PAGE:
In Sandifer v. United States Steel Corp. (12-417), Eric Schnapper listed several forms of courtroom attire. He even mentioned the neck brace! But he omitted the neck doily.

In ordinary parlance, not everything an individual wears would be referred to as clothes. There are examples of that in this courtroom: Glasses, necklaces, earrings, wristwatches. There may be a toupee for all we know. Those things are not commonly referred to as clothes.

Personally, I think of it more as a garnish.

And for lol, Justice Scalia took umbrage that someone in the Court wore a toupee!

JUSTICE SCALIA: I resent that.


Totally serious question for anyone who knows. Is the neck doily put on in the robing room? Does RBG keep a slew of them there? Or are they kept in chambers? Does she ever dither on which one to pick? How long does a neck doily take to put on? If anyone knows the answer, you know where to reach me.

Neck Doily Fashion for O’Connor, Ginsburg, Sotomayor, and Kagan

October 28th, 2013

The new portrait of Justices O’Connor, Ginsburg, Sotomayor, and Kagan offers four views of the neck doily. Here is how Tony Mauro describes it:

A seated Justice Sandra Day O’Connor and Justice Sonia Sotomayor, seen standing behind her, look somber, while Justice Ruth Bader Ginsburg, seated next to O’Connor, and Justice Elena Kagan, standing next to Sotomayor, have faint smiles. They are wearing their black robes, with differing neckwear that accurately reflects their preferences.

O’Connor is wearing a sailor-suit neck doily. RBG is wearing the standard round teacup neck doily. Justice Sotomayor has no discernible neck accoutrement (not even the one RBG gave her). Justice Kagan rocks the subtle neck liner. Though she wore one at first, she soon stopped. She later said that she is not a frilly, lacy person.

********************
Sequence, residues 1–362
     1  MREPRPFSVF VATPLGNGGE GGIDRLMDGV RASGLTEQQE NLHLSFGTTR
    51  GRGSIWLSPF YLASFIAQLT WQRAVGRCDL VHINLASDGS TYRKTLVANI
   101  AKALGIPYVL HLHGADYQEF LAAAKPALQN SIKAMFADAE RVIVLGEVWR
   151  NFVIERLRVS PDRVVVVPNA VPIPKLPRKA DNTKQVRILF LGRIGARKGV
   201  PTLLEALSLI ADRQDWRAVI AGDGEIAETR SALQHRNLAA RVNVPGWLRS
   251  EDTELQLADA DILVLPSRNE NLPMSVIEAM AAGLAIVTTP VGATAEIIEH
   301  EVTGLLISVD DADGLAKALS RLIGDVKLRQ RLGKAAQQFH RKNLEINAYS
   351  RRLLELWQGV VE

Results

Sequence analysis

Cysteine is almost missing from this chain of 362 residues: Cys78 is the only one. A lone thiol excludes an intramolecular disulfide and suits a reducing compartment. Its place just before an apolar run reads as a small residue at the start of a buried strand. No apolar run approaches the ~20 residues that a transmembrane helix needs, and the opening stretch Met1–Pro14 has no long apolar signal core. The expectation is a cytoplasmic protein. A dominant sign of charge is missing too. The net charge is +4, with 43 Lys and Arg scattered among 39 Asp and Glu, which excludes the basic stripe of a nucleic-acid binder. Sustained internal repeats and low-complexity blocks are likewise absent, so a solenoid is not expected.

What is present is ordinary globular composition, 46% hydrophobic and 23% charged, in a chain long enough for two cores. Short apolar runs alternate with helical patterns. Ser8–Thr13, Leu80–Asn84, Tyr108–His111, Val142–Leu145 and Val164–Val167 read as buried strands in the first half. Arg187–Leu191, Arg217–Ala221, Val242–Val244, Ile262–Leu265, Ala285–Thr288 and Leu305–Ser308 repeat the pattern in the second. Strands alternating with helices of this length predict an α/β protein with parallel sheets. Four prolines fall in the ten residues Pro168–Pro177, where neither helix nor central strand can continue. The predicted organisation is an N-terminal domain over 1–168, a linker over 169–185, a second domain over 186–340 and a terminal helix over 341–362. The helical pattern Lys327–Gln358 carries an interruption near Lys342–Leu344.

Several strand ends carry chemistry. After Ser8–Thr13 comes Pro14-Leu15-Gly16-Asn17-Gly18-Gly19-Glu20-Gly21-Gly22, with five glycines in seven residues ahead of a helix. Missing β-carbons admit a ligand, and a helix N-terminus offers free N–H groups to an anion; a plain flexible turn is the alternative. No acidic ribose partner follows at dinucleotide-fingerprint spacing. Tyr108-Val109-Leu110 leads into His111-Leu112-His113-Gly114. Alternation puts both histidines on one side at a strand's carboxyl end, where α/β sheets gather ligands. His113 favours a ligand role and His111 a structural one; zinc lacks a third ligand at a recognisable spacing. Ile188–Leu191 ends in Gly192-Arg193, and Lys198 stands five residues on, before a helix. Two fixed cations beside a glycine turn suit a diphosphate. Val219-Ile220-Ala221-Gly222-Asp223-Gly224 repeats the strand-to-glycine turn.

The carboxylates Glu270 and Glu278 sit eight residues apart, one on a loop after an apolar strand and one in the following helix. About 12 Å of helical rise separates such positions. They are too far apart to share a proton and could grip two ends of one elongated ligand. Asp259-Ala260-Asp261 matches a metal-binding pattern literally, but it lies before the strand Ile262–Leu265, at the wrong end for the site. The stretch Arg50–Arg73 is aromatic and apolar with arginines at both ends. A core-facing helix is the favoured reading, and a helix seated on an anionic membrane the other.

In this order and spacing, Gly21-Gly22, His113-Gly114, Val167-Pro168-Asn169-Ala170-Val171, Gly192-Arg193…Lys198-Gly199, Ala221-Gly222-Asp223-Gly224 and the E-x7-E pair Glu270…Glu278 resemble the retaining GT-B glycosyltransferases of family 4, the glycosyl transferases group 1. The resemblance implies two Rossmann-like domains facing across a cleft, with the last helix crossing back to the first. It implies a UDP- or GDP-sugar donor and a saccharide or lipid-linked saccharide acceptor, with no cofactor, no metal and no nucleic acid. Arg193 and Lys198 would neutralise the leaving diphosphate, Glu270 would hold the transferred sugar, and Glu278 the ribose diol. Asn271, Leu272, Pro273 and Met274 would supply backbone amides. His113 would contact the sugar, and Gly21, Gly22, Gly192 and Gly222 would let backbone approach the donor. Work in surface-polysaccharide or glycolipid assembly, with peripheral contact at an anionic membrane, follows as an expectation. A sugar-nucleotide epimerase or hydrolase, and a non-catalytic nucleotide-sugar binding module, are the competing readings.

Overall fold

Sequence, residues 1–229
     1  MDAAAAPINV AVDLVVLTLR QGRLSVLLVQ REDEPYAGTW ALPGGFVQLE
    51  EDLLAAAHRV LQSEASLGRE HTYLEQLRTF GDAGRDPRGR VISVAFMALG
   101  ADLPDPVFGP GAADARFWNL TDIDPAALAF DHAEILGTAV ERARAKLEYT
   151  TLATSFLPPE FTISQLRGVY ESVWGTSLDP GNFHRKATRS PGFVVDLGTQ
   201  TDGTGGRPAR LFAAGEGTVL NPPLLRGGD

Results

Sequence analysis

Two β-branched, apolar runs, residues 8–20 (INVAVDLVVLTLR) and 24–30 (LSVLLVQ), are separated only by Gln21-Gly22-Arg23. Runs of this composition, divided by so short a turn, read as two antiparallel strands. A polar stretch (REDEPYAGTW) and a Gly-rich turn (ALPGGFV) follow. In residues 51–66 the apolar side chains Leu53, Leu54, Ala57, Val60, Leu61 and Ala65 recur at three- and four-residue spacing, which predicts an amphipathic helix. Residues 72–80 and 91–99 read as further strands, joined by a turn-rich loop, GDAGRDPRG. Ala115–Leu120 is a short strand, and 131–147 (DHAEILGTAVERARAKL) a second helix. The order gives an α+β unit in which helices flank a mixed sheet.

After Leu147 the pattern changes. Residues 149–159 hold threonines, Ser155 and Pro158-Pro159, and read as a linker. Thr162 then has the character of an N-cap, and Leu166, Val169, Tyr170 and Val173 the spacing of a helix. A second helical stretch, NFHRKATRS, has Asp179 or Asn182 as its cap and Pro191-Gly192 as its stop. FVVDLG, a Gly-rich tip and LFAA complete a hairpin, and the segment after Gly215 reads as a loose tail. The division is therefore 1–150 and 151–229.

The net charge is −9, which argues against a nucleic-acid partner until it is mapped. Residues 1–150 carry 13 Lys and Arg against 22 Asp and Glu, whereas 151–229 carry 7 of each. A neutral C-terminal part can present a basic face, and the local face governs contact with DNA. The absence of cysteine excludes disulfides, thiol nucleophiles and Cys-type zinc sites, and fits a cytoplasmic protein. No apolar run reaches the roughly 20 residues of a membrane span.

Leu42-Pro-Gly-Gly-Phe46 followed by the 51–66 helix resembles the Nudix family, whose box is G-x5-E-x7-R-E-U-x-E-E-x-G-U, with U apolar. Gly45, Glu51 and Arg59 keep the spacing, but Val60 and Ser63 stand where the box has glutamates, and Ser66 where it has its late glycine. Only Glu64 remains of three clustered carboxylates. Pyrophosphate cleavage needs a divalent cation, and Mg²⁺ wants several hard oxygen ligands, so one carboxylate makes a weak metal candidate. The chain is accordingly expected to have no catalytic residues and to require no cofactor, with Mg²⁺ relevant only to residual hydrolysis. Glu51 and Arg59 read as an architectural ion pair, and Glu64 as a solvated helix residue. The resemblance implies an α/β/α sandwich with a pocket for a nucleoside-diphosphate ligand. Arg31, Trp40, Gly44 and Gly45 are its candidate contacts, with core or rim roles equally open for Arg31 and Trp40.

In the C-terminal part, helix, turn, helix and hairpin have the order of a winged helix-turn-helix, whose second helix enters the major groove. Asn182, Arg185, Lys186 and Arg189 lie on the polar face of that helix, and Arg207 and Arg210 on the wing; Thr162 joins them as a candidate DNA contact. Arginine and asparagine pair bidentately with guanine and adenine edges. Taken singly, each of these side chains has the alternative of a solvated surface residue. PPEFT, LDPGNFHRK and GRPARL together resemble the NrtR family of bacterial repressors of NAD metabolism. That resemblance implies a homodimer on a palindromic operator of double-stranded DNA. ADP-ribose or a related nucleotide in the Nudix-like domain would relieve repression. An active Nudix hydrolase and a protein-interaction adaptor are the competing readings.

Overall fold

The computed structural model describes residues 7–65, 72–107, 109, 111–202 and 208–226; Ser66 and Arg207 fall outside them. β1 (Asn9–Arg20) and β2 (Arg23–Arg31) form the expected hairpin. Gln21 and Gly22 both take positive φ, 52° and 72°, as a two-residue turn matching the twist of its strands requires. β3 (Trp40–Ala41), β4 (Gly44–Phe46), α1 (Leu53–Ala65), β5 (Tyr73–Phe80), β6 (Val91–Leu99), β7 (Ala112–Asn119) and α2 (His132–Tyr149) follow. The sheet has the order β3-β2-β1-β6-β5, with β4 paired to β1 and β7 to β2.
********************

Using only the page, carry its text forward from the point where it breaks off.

Update: The Washington Post has a better photo of the painting. Justice Sotomayor is in fact wearing some kind of turtleneck neck doily.


RBG Sports Stylish Blue Neck Doily in Another Same-Sex Wedding

September 30th, 2013

rbg-doilyRBG is branching out in neck-doily style.

Front and center was Associate Justice Ruth Bader Ginsburg of the Supreme Court, performing her second gay ceremony following the court’s decision striking down laws that had denied federal benefits to same-sex spouses. The importance of her presence and the setting — the roof of Fiola restaurant in Washington, with a panoramic view stretching from the Capitol to the White House — was not lost on the 100 assembled guests. …

But who would officiate? Then they read an interview with Justice Ginsburg, in which she said she had never been asked to perform a same-sex wedding. They asked, and on the day the court invalidated DOMA, she agreed to marry the couple.

At the ceremony, Justice Ginsburg described the couple’s love as “universal” and “human nature,” and expressed hope that it would make them “magically more wiser and richer in experience, happier than either would be alone.”

Yet somehow, the Times originally misspelled her name. Look at this ghastly correction:

Correction: September 29, 2013

An earlier version of a picture caption with this article misspelled the name of the Supreme Court justice who performed the wedding ceremony. She is Justice Ruth Bader Ginsburg, not Gisnburg.